If you are going to refer to my old login please at least get the sequence of letters right. I changed to Norman because it's easier for dsylexics to sepll.

Norman Einstein
03-12-2010, 11:02 AM
The fun part of it is that you think I'm serious.WRONG, you left serious in your last diaper change.

Jenson71
03-12-2010, 11:02 AM
For the record, I don't care. Which part of that are you missing?

I know you care that there are conservative professors in public universities. I would care, if I were a shameless right wing promoter.

Jenson71
03-12-2010, 11:04 AM
So sez you? I know he is a liar and has been for a very long time. Some things just don't change.

If you are going to refer to my old login please at least get the sequence of letters right. I changed to Norman because it's easier for dsylexics to sepll.

Is that why? Because when I asked you on your profile page, you immediately deleted my comment.

Mr. Kotter
03-12-2010, 11:12 AM
I don't do that. That's your interpretation. I do blame bad policy by govt causing many of our modern problems. In fact not following the Constitution is the source of most of our problems. I believe in the original balanced center which should hold as the society grows and evolves. So that allows for some govt growth but only as a balanced act. That would maintain liberty—something you don't like and feel is extreme.

The extremists are in power now and were under Bush. In fact many of them have been in power since FDR. I am not an anarchist though. I believe in some govt...the amount per the Constitution. Not no govt. Get it right.

What you call "extremists" are the folks who keep winning Constitutionally sanctioned elections in our country...over the past 60-70 years. The only government you and "conservative"/libertarian bretheren who share your dogmatic allegiance to what has become archaic and out-grown ideology....the only government that you seem interested in, is on that would preserve the wealth and riches for an elitist plutocratic high society, and shit on everyone else.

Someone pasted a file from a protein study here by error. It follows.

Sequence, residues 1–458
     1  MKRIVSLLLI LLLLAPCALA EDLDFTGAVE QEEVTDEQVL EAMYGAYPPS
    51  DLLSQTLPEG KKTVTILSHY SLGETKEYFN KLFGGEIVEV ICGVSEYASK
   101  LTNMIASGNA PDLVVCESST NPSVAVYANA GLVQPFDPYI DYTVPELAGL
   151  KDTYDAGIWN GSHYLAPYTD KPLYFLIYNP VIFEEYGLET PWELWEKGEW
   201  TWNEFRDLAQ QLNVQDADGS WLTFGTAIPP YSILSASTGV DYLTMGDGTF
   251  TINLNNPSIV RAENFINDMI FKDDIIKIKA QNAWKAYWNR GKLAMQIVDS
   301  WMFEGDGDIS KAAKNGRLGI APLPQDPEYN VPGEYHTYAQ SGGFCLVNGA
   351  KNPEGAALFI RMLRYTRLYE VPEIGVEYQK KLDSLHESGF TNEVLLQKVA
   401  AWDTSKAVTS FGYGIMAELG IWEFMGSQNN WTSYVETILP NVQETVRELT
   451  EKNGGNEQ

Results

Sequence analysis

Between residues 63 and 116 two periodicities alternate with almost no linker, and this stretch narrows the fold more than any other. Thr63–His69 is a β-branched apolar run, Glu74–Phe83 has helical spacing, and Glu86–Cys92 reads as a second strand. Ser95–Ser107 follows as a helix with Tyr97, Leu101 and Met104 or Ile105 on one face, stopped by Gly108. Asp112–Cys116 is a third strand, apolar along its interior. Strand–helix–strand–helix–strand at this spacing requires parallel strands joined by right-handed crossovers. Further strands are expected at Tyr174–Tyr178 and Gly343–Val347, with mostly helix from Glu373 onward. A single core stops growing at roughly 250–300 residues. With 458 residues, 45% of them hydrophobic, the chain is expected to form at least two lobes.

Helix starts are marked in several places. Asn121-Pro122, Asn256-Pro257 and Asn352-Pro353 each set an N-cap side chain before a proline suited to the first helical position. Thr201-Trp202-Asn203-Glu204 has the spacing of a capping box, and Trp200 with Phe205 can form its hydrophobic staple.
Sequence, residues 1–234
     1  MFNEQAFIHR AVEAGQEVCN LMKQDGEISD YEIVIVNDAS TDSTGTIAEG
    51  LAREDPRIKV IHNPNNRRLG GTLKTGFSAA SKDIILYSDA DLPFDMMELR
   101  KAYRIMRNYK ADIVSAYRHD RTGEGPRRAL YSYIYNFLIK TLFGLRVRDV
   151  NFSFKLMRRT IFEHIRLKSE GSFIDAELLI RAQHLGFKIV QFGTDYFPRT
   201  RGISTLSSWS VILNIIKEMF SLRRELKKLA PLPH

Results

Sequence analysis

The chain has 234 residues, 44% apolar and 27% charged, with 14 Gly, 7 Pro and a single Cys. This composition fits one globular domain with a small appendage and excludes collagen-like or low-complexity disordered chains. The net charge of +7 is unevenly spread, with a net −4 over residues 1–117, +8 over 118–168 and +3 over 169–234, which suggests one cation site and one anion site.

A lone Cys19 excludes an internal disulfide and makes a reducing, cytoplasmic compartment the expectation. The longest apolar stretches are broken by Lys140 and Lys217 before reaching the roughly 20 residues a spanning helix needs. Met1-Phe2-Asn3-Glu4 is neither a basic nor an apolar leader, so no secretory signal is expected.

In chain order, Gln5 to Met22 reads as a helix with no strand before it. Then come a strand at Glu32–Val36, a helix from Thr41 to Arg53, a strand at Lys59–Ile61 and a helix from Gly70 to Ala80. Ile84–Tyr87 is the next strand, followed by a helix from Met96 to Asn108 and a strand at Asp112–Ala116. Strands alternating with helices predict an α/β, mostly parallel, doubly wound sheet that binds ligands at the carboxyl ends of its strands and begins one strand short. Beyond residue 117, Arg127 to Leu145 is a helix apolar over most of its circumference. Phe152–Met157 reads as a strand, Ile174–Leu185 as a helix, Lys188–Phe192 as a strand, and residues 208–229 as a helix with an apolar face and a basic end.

Don't you think you should win a few elections with your brand of extremism before calling others the extremitsts?

:hmmm:

BucEyedPea
03-12-2010, 11:12 AM
What you call "extremists" are the folks who keep winning Constitutionally sanctioned elections in our country...over the past 6--70 years, yes. The only government you and "conservative"/libertarian bretheren who share your dogmatic allegiance to what has become archaic and out-grown ideology....the only government that you seem interested in, is on that would preserve the wealth and riches for an elitist plutocratic high society, and shit on everyone else.

Don't you think you should win a few elections with your brand of extremism before calling others the extremitsts?

:hmmm:

I go by what works. Things aren't working. There's no arguing with results or lack of. That is all.
And Rand Paul is leading in Kentucky.

Norman Einstein
03-12-2010, 12:02 PM
Is that why? Because when I asked you on your profile page, you immediately deleted my comment.

Your comments are thrown out like your dirty diapers because they are like you, full of shit and useless.

Norman Einstein
03-12-2010, 12:04 PM
I know you care that there are conservative professors in public universities. I would care, if I were a shameless right wing promoter.

Again, you are wrong. I don't care. Your are still as full of shit as before. You have no life and have no experience in life. Shameful waste.

Jenson71
03-12-2010, 01:02 PM
Your comments are thrown out like your dirty diapers because they are like you, full of shit and useless.

Again, you are wrong. I don't care. Your are still as full of shit as before. You have no life and have no experience in life. Shameful waste.

:(

Reaper16
03-12-2010, 01:10 PM
Seriously, how can there be two people (Tom and Will) who are identical posters? Its driving me crazy that they may indeed be two different people that share some lattice construct made of spite and spittle for a mind.

Norman Einstein
03-12-2010, 01:30 PM
Seriously, how can there be two people (Tom and Will) who are identical posters? Its driving me crazy that they may indeed be two different people that share some lattice construct made of spite and spittle for a mind.